November 21, 2004 at 7:49 pm #204ashee805Participant
the world health organization has announced the complete eradication of smallpox and is now working toward the eradication of measles and polio. why would vaccination be more likely to eradicaiton a viral disease than a bacterial disease?
November 22, 2004 at 5:14 pm #18656biostudent84Participant
Vaccination is the imjection of a weaker form or a disabled form of a pathogen. Take a look at the difference between a bacteria and virus. A bacteria is a living organism that can adapt to many enviornments. It would be very difficult to make a vaccination for a bacteria (difficult, but not impossible).
A virus, on the other hand is not an organism (some argue that a virus is a living organism…I can argue that elsewhere if anyone wants). It is simply a piece of RNA surrounded by a protein coat. It is very simple to alter a virus just a little bit so that you have a primary immune response to it without getting sick. If you have a primary immune response to something, in the future, if you are exposed to the EXACT same pathogen, the secondary immune response destroys the pathogen before it makes you sick.
January 28, 2005 at 6:09 am #191962810712Participant
. A bacteria is a living organism that can adapt to many enviornments. It would be very difficult to make a vaccination for a bacteria (difficult, but not impossible).
Why difficult? The until the genes of a specefic surface Ag remain intact in the genome
our vaccine wud work, and the chance of change in the genes is directly proportional to how many times the bacteria hve reproduced .
Same is the case is with viruses , i.e. the chances of change in surface Ags is directly proportional to how many times viruses hve reproduced . As per I know the viruses reproduces much faster than bacteria , so, why would vaccination be more likely to eradicaiton a viral disease than a bacterial disease? How can we say that it is difficult to produce a vaccine for bacteria than viruses? help………..
February 1, 2005 at 10:40 pm #19318quote ashee805:
Smallpox was eradicted a while ago and the last time it was brought back was around 9/11 – I don’t know if it has been experimented with sence then. So for right now it is just sleeping in a freezer down in the CDC’s headquarters- it is “the demon in the freezer” if you will, and it was eradicated through ring vaccination.
February 3, 2005 at 2:52 pm #19349
Another reason for the possibility of eradication of smallpox, polio and measles is the host specificity of the virus. Since human beings are the only reservoir, the vaccination of humans is sufficient to oeradicate the virus.
But for most of the diseases, human is just an opportunistic host for the virus, and siince it is impossible to vaccinate the normal host, eradication is impossible.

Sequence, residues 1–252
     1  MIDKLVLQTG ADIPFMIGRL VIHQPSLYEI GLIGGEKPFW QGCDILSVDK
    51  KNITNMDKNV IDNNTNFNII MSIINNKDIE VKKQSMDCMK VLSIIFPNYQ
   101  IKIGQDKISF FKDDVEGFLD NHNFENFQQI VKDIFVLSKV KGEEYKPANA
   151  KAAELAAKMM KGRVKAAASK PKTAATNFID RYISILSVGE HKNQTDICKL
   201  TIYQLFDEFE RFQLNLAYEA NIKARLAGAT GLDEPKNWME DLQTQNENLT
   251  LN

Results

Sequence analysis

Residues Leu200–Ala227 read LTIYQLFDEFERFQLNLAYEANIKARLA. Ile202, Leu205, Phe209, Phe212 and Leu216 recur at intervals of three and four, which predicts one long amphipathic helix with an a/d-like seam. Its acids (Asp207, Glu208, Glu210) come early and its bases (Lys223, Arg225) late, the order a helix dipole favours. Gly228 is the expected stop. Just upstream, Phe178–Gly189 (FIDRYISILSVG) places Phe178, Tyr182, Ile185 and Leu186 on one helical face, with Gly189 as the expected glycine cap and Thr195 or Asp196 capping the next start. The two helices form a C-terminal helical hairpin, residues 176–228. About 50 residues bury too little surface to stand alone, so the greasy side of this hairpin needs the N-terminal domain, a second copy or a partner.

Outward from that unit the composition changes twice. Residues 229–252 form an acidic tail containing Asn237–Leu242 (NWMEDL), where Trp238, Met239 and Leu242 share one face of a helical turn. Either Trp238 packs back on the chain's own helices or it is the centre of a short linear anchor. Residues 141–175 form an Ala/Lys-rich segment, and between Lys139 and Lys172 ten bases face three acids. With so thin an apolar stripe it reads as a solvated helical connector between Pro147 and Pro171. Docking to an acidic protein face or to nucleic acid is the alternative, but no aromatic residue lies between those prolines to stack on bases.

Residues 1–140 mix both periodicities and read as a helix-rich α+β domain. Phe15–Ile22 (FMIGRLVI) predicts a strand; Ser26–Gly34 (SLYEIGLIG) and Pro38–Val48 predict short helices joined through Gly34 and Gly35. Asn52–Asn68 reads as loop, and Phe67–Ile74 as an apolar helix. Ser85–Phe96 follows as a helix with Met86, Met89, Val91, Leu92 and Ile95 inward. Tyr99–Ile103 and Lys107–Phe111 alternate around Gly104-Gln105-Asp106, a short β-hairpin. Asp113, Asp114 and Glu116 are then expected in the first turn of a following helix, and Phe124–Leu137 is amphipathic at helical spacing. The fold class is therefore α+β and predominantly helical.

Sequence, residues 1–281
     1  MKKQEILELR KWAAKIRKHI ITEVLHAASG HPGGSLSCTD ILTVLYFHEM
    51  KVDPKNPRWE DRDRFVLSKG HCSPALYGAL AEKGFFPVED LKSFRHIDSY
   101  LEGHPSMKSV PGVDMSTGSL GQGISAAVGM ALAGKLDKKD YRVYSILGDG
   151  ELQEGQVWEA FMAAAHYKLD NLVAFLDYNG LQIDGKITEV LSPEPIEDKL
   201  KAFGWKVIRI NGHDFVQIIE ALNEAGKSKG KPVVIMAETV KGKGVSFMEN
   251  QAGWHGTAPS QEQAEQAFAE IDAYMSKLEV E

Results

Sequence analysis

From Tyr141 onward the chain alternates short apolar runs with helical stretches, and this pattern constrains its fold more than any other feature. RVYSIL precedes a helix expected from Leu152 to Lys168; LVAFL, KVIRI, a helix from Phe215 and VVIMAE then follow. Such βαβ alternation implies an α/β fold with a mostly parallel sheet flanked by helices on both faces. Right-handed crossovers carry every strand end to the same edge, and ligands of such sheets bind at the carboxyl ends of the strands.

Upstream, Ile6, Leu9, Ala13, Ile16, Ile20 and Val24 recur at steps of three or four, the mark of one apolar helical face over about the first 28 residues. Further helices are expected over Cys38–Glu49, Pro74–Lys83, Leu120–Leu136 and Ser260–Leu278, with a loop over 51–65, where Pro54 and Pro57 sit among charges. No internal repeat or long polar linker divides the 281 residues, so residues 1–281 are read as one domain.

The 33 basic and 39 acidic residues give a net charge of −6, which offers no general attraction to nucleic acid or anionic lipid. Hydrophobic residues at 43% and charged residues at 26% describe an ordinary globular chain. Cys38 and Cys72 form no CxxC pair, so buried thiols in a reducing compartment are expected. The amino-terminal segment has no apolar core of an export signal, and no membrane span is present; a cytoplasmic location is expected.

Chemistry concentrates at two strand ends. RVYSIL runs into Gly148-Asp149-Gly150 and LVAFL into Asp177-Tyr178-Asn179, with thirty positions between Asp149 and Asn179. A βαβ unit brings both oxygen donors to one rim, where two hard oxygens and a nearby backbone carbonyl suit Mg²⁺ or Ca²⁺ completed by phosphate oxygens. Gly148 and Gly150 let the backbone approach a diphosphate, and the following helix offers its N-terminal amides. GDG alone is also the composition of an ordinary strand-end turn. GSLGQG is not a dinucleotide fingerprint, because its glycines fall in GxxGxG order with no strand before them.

But, as HIV, a human specific virus, demonstrate, the viral capacity for adaptation is also critical to build a good vaccine. High muttaion rates of the viral target make the design of a vaccine highly difficult.
Hope this helps
February 3, 2005 at 7:48 pm #19355quote Canalon:
Correct me if I’m wrong but HIV isn’t just a human specific virus – It originated in other animals before it crossed over to humans.
February 3, 2005 at 8:07 pm #19359quote :
Hmmm… It has certainly evolved from a non human specific virus, but it seems that in its form, contamination occur only between human beings. Making the human beings the only significant reservoir of the infection.
Not like the flu viruses that exist in animals, and regularly contaminate humans from those, hence making the vaccination (and effective vaccines exist…) useless to eradicate flu pandemics each year. The animal reservoir allowing recombinations between strains, hence the new pandemic each year, and the need of a new vaccine.
February 4, 2005 at 8:48 pm #19376
Thank you for clearing that up for me.
March 6, 2005 at 9:41 am #20097Dr.DoomParticipant
the rate of mutation is not directly proportional to the number of replication because mutation is a totally random event. It may seem that way but its not; so there is no direct proportion (you cannot calculate the amount of mutation directly given the rounds of replication); and HIV, i think, came from monkey like animals.
March 6, 2005 at 8:37 pm #20114quote Dr.Doom:
Yes? what’s your point here? 😕quote :
Isn’t it what I said? HIV probably comes from animal, and yes monkeys are the most probbale candidate, even if as far as I know, we still don’t know where HIV originated.
But know the main strains of HIV have no significant animal reservoir. It is probably safe to assume that a virus crossed the species barrier and contaminated some humans and evolved in the virus we now know inside humans. If we could get rid of HIV through vaccination in humans, there would probably be no reservoir for the virus to hide and to develop to overcome the vaccination.
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